In which we discuss,
Along with, among other things...
- Tragic Wonder
Now listen to what Hephaestus says in reply: "Take courage, and do not let these things distress you in your heart. Would that I had the power to hide him far away from death and the sounds of grief when grim fate comes to him, but I can see that beautiful armor surrounds him, of such a kind that many people, one after another, who look on it, will wonder"
What is experienced in such an excess of tragic suffering is something truly common. The spectator recognizes himself [or herself] and his [or her] finiteness in the face of the power of fate. What happens to the great ones of the earth has exemplary significance. . . .To see that "this is how it is" is a kind of self-knowledge for the spectator, who emerges with new insight from the illusions in which he [or she], like everyone else, lives.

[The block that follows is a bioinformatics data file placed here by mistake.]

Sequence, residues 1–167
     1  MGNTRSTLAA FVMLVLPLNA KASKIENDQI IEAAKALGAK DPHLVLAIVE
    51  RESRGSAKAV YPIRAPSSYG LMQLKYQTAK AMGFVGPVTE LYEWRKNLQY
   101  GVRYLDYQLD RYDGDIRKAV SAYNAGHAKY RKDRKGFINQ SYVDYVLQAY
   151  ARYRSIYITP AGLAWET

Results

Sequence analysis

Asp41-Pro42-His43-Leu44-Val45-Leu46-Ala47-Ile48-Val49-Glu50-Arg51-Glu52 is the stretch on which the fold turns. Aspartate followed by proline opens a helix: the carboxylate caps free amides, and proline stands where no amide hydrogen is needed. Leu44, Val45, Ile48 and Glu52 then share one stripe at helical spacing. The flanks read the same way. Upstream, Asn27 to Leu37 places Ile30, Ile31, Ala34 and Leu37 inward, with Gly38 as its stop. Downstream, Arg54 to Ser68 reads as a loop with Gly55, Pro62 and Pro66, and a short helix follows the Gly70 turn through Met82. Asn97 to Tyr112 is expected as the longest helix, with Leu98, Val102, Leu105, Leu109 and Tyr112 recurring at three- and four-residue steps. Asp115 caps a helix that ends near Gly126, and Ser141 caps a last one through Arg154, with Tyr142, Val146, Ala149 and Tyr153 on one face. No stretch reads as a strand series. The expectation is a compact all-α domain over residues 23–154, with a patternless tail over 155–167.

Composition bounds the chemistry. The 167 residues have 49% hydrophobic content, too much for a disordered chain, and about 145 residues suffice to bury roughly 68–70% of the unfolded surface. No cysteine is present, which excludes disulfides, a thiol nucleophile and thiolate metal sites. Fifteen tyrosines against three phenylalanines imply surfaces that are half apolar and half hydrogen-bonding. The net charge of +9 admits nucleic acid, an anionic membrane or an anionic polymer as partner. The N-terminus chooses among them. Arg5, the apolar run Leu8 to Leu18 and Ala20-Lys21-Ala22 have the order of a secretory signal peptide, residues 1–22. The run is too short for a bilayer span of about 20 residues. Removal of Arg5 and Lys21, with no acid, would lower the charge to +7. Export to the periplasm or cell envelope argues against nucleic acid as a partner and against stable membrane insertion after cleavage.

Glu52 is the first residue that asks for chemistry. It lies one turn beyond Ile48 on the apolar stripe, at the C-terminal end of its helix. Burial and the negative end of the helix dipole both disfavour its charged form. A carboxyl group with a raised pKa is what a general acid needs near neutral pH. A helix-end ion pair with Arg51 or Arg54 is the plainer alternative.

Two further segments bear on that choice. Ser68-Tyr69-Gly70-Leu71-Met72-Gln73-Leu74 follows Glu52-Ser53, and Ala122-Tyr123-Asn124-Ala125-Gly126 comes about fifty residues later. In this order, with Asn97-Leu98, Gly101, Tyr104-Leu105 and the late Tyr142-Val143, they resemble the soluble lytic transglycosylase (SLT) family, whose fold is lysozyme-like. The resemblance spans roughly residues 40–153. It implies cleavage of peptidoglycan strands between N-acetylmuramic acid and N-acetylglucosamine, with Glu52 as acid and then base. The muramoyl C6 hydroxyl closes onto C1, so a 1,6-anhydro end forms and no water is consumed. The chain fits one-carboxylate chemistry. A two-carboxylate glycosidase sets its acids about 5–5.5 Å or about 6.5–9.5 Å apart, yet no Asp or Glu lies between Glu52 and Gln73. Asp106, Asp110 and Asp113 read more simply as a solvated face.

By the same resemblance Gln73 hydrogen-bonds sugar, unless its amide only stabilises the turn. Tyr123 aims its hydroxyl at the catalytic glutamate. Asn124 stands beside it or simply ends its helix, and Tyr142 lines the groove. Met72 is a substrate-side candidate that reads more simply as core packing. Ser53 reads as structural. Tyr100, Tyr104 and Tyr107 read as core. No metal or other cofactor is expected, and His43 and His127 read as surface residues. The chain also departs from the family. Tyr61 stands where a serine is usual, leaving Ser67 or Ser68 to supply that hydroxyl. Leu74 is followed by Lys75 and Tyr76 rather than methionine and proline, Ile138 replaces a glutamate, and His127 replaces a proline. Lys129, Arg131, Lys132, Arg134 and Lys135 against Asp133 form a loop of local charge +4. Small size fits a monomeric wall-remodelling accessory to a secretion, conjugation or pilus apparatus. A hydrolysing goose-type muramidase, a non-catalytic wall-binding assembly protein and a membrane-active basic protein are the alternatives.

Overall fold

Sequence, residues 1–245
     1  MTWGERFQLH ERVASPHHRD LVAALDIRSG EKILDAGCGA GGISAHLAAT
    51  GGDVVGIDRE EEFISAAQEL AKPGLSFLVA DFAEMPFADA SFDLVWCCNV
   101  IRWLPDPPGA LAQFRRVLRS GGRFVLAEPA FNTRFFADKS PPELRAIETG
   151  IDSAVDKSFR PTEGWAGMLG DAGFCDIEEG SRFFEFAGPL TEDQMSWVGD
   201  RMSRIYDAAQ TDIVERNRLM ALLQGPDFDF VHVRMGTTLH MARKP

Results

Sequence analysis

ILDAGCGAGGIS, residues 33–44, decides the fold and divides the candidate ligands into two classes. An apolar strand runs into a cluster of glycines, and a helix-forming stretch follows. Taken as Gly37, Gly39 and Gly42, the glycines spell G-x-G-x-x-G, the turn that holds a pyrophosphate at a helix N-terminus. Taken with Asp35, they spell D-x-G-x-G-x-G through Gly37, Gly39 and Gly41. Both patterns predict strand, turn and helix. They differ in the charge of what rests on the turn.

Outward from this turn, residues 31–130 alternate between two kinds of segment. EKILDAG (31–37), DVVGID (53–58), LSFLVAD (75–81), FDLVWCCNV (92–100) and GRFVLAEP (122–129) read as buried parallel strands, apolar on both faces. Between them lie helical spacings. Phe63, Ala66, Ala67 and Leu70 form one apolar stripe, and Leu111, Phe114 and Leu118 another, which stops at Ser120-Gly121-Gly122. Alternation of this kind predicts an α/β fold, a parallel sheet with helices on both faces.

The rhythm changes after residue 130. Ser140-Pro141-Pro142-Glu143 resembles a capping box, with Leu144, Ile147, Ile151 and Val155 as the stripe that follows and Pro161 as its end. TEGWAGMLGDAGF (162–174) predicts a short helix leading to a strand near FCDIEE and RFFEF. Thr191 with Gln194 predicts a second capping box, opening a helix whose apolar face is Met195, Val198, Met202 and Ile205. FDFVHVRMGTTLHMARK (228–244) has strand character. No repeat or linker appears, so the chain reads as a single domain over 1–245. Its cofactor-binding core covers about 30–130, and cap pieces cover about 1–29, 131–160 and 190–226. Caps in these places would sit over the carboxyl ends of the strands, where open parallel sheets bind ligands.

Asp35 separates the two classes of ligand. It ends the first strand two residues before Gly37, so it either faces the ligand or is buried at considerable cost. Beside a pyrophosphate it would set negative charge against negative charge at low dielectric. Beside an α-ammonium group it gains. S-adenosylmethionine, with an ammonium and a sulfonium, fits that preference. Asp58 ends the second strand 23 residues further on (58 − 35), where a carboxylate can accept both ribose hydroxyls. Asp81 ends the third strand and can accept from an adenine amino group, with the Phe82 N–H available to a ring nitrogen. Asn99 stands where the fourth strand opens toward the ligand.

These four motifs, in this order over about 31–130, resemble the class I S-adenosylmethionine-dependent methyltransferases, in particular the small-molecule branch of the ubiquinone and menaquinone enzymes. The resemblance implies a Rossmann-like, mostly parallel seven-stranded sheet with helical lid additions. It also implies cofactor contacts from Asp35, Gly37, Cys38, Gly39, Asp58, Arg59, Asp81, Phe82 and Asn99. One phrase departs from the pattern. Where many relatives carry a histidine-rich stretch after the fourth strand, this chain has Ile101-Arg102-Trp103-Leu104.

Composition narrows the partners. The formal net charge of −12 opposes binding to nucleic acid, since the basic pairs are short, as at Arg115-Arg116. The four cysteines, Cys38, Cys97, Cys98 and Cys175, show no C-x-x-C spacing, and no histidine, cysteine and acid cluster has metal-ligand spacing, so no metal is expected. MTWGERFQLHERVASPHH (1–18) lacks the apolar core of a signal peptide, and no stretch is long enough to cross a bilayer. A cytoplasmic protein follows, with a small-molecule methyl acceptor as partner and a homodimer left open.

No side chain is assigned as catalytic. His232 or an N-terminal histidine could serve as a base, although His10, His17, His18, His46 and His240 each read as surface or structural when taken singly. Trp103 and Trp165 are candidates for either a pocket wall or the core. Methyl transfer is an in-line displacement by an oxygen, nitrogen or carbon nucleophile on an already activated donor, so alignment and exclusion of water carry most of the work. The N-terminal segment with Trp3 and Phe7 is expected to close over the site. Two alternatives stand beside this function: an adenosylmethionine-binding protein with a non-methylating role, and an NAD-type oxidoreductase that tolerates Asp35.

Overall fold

Show don’t tell.
- As explained on Reddit
Which seems a good time to mention that 'show don't tell', while great advice, is not the be all and end all of writing. I had a professor who used to say, it used to be that his writing students couldn't see the wood for the trees, but now, thanks to having 'show don't tell' hammered into them from year 1, most of them can't see the trees for the wood, which is just as bad.